Potato filling:
2 lbs. Potatoes, peeled and boiled
½ onion, minced
2-3 T. cottage cheese or farmer’s cheese, optional
salt and pepper to taste
Mash potatoes with other ingredients and season to taste.
Note: you can also add cheddar cheese if you like. In class we had some with cheddar cheese and added ham, too.

Fresh made pierogi

Fresh made pierogi

 

Busha’s Pierogi

Pierogi

I taught a class earlier this week called My Mother’s Polish Kitchen. We all got a chance to make pierogi in class. It was a great way to honor her memory- and have some great food. Also honors the memory of my Busha (Polish grandmother).

Pierogi, if you didn’t know, are pasta filled with different fillings, often potato based.  They are also sometimes stuffed with prune filling or sauerkraut. Today you can find pierogi filled with all sorts of fillings. There are variations in the dough, too. Some use just eggs, flour, water and salt. Others add some dairy in the form of milk or sour cream.

Once the pierogi are made, you can boil them and just serve them up, or brown the boiled pierogi in butter and serve with caramelized onions and sour cream. My mother used to make sweet and sour cabbage and serve it with the pierogi, or sometimes even use it as a filling. I can’t make them without remembering her.

 

Pierogi

Dough:
2 c. flour
1 t. salt
½ c. water (you can also use half milk and half water)
1 egg
Mix all ingredients together and knead on floured surface until smooth. Cover and let rest at least 15 minutes. Roll out thin and cut into circles. Re-roll scraps. You should get between 20-30. Spoon filling of your choice on center of dough circle. Fold dough in half over filling and press edge with fork to seal. Wetting the edge of the dough will help the dough to stick. Don’t overfill or the pierogi will split. Test a couple first to get the hang of it. Place a few at a time into salted boiling water and cook until they float. You can eat them as is or brown cooked pierogi in butter in a skillet. Serve with grilled onions and/or sour cream. We would often make a larger batch and then freeze them, uncooked on wax paper-lined baking sheets. When frozen they would be transferred to a freezer bag or container. Place right from the freezer into boiling water when ready to use.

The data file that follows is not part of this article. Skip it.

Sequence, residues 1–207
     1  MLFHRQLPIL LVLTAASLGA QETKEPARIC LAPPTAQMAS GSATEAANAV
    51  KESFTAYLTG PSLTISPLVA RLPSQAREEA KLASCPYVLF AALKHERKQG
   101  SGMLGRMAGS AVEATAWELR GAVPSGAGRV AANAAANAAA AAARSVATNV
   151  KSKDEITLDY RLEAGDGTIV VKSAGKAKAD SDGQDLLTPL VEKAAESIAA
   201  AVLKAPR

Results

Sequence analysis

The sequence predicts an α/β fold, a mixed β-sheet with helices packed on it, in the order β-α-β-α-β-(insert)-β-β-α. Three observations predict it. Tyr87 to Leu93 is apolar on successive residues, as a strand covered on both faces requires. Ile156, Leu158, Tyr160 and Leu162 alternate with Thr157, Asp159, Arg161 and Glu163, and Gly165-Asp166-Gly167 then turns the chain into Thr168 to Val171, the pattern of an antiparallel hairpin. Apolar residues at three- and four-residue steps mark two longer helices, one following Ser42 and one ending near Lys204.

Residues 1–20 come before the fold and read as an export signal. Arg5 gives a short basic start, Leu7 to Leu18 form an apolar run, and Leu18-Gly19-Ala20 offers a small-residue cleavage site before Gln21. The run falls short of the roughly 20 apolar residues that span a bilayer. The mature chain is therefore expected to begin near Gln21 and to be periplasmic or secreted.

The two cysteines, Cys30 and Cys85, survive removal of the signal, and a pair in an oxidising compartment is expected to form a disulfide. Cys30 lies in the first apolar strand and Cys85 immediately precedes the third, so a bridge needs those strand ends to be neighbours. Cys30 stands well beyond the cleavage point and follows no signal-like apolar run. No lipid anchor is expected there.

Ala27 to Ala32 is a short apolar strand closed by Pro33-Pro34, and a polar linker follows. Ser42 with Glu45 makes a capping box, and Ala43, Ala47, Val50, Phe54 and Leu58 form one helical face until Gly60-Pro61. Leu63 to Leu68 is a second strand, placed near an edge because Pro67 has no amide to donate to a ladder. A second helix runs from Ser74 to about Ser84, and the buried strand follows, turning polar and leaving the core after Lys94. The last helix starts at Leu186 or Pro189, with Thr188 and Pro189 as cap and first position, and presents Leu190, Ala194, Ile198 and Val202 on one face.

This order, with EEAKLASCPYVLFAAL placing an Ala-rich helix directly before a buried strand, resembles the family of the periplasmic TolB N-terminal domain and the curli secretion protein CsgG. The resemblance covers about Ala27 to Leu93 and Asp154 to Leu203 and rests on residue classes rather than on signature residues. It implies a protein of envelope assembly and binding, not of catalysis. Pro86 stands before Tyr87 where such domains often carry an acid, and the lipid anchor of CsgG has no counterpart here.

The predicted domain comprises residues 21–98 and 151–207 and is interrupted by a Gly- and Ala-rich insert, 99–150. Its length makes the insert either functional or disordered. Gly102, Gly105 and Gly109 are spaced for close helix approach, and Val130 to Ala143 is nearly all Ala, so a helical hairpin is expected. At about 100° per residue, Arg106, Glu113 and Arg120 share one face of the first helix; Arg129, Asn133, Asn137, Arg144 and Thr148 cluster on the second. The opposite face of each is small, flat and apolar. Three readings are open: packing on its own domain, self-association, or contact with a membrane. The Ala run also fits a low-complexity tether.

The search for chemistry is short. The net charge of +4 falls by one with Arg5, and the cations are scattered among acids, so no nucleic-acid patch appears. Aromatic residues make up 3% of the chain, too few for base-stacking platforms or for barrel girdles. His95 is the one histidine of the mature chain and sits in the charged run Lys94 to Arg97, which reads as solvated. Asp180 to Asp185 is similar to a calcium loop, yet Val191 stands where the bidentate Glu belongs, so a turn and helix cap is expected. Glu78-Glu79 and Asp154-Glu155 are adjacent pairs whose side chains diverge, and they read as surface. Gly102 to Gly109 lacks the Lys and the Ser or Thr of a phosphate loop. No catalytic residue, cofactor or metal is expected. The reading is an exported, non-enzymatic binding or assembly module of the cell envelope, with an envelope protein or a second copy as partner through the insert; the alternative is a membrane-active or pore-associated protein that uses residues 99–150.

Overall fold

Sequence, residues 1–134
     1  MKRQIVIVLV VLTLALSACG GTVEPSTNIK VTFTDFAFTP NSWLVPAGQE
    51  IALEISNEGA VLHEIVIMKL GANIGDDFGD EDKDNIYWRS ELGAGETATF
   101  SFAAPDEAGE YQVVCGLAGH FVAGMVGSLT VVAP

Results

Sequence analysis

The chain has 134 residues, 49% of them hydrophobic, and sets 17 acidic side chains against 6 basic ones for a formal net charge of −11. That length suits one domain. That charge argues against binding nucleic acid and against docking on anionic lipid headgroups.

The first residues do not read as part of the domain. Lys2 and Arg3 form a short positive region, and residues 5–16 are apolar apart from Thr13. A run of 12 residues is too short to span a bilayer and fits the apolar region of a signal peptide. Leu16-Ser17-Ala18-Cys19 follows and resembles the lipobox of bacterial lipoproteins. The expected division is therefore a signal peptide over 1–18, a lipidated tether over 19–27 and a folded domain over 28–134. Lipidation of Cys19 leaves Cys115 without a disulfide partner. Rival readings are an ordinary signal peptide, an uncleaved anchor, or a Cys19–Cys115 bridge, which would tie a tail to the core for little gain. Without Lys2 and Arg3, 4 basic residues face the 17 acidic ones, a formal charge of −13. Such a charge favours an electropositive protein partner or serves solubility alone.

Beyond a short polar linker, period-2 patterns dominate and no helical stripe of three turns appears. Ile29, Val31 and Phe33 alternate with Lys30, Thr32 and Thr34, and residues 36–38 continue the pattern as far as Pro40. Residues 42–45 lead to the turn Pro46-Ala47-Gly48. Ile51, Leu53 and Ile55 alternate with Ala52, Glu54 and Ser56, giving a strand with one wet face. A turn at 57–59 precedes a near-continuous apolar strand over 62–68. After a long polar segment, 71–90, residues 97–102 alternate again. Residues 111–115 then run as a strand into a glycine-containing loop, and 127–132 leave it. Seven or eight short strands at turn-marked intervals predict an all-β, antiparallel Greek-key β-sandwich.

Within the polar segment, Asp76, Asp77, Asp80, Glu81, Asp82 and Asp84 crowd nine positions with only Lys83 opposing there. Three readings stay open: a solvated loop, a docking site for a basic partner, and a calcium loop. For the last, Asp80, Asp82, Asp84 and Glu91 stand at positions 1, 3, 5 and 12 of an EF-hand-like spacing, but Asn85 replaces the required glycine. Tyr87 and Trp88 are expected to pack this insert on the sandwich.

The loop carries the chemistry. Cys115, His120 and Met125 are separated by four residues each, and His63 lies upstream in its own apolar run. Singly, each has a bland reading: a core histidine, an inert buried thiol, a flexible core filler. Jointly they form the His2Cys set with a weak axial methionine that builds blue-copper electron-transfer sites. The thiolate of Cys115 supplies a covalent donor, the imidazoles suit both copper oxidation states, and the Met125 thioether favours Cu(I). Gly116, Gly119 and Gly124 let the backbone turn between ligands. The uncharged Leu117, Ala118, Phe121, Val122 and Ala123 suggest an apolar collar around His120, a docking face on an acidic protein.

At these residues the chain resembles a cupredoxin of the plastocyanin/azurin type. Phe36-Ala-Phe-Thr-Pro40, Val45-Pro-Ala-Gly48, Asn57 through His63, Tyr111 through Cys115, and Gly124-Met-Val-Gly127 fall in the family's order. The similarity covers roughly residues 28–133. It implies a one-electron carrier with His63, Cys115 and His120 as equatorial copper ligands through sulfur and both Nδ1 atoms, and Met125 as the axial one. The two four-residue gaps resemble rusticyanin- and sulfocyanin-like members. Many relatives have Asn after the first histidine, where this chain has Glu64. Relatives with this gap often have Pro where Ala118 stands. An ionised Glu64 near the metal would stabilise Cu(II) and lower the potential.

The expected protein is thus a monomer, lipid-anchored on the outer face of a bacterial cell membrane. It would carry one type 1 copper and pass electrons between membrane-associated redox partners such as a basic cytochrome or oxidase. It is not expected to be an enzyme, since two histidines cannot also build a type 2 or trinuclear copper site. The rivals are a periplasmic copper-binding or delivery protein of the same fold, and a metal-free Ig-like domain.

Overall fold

Potato filling:
2 lbs. Potatoes, peeled and boiled
½ onion, minced
2-3 T. cottage cheese or farmer’s cheese, optional
salt and pepper to taste
Mash potatoes with other ingredients and season to taste.
Note: you can also add cheddar cheese if you like. In class we had some with cheddar cheese and added ham, too.

Fresh made pierogi

Fresh made pierogi

 

Pierogi

Pierogi

Pierogi

I taught a class last week called My Mother’s Polish Kitchen. One of the highlights is when everybody pitches in to make the pierogi. Pierogi, if you didn’t know, are pasta filled with different fillings, often potato based.  They are also sometimes stuffed with prune filling or sauerkraut. Today you can find pierogi filled with all sorts of fillings. There are variations in the dough, too. Some use just eggs, flour, water and salt. Others add some dairy in the form of milk or sour cream. I normally add some milk to my dough. Once the pierogi are made you can boil them and just serve them up or brown the boiled pierogi in butter and serve with carmelized onions and sour cream. My mother used to make sweet and sour cabbage and serve it with the pierogi or sometimes even use it as a filling. I can’t make them without remembering her.

 

Pierogi

Dough:
2 c. flour
1 t. salt
½ c. water (you can also use half milk and half water)
1 egg
Mix all ingredients together and knead on floured surface until smooth. Cover and let rest at least 15 minutes. Roll out thin and cut into circles. Re-roll scraps. You should get between 20-30. Spoon filling of your choice on center of dough circle. Fold dough in half over filling and press edge with fork to seal. Wetting the edge of the dough will help the dough to stick. Don’t overfill or pierogis will split. Test a couple first to get the hang of it. Place a few at a time into salted boiling water and cook until they float. You can eat them as is or brown cooked pierogi in butter in a skillet. Serve with grilled onions and/or sour cream. We would often make a larger batch and then freeze them, uncooked on wax paper-lined baking sheets. When frozen they would be transferred to a freezer bag or container. Place right from the freezer into boiling water when ready to use.

Potato filling:
2 lbs. Potatoes, peeled and boiled
½ onion, minced
2-3 T. cottage cheese or farmer’s cheese, optional
salt and pepper to taste
Mash potatoes with other ingredients and season to taste.
Note: you can also add cheddar cheese if you like. In class we had some with cheddar cheese and added ham, too.

Fresh made pierogi

Fresh made pierogi